Vanderhoof flood risk evokes memories

It’s a love/hate relationship

“I have a love hate relationship with the dam.”

That’s the way long time resident, Olive Silver, describes her feelings about the Kenney Dam; a structure that has, without a doubt, fundamentally altered Vanderhoof and which, today, is again the subject of discussion around the town as Vanderhoof braces itself for what could be another flood.

The dam is owned and operated by Rio Tinto (known as Alcan prior to 2007) but, in fairness, it came about as a result of a concerted effort by the provincial government to attract the aluminum industry to the province. A poll at the time (1949) showed an overwhelming support for the plans for the necessary hydro electric development on the Nechako River.

In fact, the company did not want to own and operate the dam, preferring to simply buy the poser from a publicly owned dam and hydroelectric development. The province declined and instead entered into the Kemano Agreement, which gave Alcan the rights to divert water from above the dam through a tunnel to a hydro-electric facility at Kemano.

Behind the dam, the Nechako Reservoir filled from 1952 to 1957, flooding a series of lakes in the drainage basin of the upper Nechako River and filling an area of 92,000 hectares.

The dam complex, which sits at the east end of the reservoir, also includes the Murray Dam and the Skins Lake spillway, which regulates water levels both in the reservoir and downstream.

That spillway was, constructed across the Cheslatte River to help cool water temperatures in the upper Nechako River in order to, amongst other issues, to minimize the dam’s impact on salmon and other fish in the Nechako.

The construction of the dam and spillway forced the Cheslatta First Nation people from their land. When the spillway was first opened a massive surge of water washed away the settlement and destroyed an ancestral graveyard at the west end of Skins Lake.

For years thereafter, bones, crosses and other debris could be found floating on the surface of the lake.

“I remember before the dam,” said Silver.

“The river was natural back then but the town (Vanderhoof) would flood pretty much every year. With the dam, we’ve had fewer floods but that’s meant that people have built in flood prone areas that they never would have considered (before the dam).”

Silver recalled that her father, the former editor of the Vanderhoof Chronicle, found out the date for the dam to become operational and travelled to the dam site to watch.

“The river just disappeared that day. There were dead fish all over in the mud, and my father was so upset he went back to the paper and he wrote ‘An Obituary for the Nechako River’ and ran it on the front page of the paper,” said Silver.

“I still hate the way the dam is used to make the river go up and down. I wish it were controlled a little better. What they do now just isn’t right.”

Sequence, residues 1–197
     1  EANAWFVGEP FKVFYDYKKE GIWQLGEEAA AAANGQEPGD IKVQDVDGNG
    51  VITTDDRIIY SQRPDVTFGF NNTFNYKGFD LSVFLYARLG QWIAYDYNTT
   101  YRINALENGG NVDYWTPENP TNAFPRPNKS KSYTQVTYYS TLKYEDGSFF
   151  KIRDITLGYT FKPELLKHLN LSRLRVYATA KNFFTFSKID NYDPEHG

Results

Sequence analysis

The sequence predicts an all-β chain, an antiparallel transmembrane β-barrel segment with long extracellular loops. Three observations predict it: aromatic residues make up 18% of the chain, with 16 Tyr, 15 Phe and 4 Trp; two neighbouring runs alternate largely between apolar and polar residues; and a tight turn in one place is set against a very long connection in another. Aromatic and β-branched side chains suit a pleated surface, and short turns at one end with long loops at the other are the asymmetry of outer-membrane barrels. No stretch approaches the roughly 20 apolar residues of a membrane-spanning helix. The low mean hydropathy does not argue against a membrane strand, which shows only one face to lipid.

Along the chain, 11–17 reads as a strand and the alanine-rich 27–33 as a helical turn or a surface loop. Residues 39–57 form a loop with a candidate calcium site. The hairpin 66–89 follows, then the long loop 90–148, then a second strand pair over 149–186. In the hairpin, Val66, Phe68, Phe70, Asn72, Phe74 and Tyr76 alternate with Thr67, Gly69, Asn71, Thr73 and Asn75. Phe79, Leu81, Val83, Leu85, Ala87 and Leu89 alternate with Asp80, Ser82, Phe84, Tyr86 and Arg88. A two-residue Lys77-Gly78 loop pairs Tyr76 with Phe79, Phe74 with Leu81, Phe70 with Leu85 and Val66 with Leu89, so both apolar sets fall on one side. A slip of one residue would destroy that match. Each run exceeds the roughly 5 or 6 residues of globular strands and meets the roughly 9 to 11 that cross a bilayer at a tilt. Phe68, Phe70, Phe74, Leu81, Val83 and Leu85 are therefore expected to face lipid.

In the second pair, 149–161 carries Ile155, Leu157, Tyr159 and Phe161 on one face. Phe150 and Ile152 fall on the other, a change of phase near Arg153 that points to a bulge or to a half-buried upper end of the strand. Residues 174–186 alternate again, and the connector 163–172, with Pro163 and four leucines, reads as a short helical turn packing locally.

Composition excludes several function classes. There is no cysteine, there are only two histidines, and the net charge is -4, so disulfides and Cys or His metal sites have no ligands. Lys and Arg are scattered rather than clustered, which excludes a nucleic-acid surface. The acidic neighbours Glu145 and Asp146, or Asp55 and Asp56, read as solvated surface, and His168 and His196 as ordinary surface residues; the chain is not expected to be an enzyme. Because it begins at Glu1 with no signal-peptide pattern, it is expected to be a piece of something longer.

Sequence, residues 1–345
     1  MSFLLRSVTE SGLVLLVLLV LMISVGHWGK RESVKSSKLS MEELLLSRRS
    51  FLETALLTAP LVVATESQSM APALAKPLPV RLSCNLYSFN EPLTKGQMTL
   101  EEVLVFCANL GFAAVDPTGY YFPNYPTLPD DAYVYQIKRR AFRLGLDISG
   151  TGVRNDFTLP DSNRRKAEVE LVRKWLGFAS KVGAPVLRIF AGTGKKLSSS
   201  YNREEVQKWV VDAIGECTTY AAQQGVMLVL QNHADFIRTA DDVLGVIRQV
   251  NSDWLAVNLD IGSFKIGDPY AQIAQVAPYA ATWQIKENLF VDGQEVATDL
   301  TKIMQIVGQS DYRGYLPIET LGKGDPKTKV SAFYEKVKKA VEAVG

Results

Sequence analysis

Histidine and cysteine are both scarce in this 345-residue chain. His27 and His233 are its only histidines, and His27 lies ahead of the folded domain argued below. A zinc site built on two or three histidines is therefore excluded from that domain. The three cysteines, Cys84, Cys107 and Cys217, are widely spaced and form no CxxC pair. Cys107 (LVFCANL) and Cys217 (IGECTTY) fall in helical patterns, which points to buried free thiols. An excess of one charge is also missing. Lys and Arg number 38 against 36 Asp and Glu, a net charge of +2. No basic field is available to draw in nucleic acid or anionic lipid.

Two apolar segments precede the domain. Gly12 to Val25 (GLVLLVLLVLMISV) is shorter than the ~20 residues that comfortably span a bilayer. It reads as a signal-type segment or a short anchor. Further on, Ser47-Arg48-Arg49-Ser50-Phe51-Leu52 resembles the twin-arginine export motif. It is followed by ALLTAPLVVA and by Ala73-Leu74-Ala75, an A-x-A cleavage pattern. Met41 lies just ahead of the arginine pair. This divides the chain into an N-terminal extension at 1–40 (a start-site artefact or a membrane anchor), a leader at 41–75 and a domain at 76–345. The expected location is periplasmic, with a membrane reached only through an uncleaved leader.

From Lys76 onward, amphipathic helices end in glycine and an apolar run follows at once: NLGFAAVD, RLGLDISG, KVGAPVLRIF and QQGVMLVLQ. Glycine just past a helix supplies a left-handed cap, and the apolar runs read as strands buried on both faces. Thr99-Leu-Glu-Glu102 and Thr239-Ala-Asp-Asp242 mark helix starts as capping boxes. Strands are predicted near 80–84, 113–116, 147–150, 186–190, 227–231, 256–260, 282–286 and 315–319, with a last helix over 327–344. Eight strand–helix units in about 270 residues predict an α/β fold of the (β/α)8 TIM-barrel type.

Silver’s house, in which she’s lived since 1961 and where she raised her family, sits above the Nechako River and she has an abiding love for the waterway and the town of Vanderhoof.

“The town would never have become what it is today without the dam, but it needs to be managed more responsibly with some concern for the people affected by floods,” she said.

“Like I say…it’s a love hate relationship.”

 

Just Posted

Vanderhoof commemorates Orange Shirt Day with beading workshop

Participants can learn a traditional Métis craft at CNC Sept. 26

College of New Caledonia offers new automotive glass technician program

The program is offered mainly online, allowing more students to take part from across the north

Local business wins snow removal award

K. Leigh Precision Earthworks picked up Rookie of the Year from Western Canadian company

Todd Doherty was recognized today for his life-saving actions during a flight home

Todd Doherty, Member of Parliament for Cariboo-Prince George, was recognized today for… Continue reading

Decision on Burns Lake’s workforce camp “pending very soon”: Coastal GasLink

Meetings to discuss new camp location postponed due to wildfire situation

Conservation officer frees B.C. deer from flotation gear mishap

BC Conservation Officer Service is reminding residents to keep backyards clear of entanglements

VIDEO: B.C.-born firefighter remembered by MP in emotional speech

Family asks first responders to look after one another in wake of suicide, growing concerns of PTSD

Airline has ‘close call’ with drone while en route to B.C. airport

Jazz Aviation reported the drone sighting near Vancouver to the RCMP and Transport Canada

Tragic accident claims life of B.C. toddler

Fundraising effort has been created to help mom and family

B.C. nanny charged with sex abuse of 3 children

Saanich Police seek potential victims of Johnathon Lee Robichaud from Central Saanich

‘I’m no quitter’ on climate change issues, McKenna says at G7 ministers meeting

David Suzuki says if McKenna believes what she’s saying, she too should quit

VIDEO: Inside an eerily empty mall in Canada

Only nine of 517 retail spaces are open for business as the grand opening postponed to next year

B.C. wildfires burned large areas affected by mountain pine beetles: Experts

The mountain pine beetle epidemic affected more than 180,000 square kilometres in B.C.

Tens of thousands without power following tornado in Ottawa region

Hydro Ottawa says more than 170,000 customers were without power early this morning

Most Read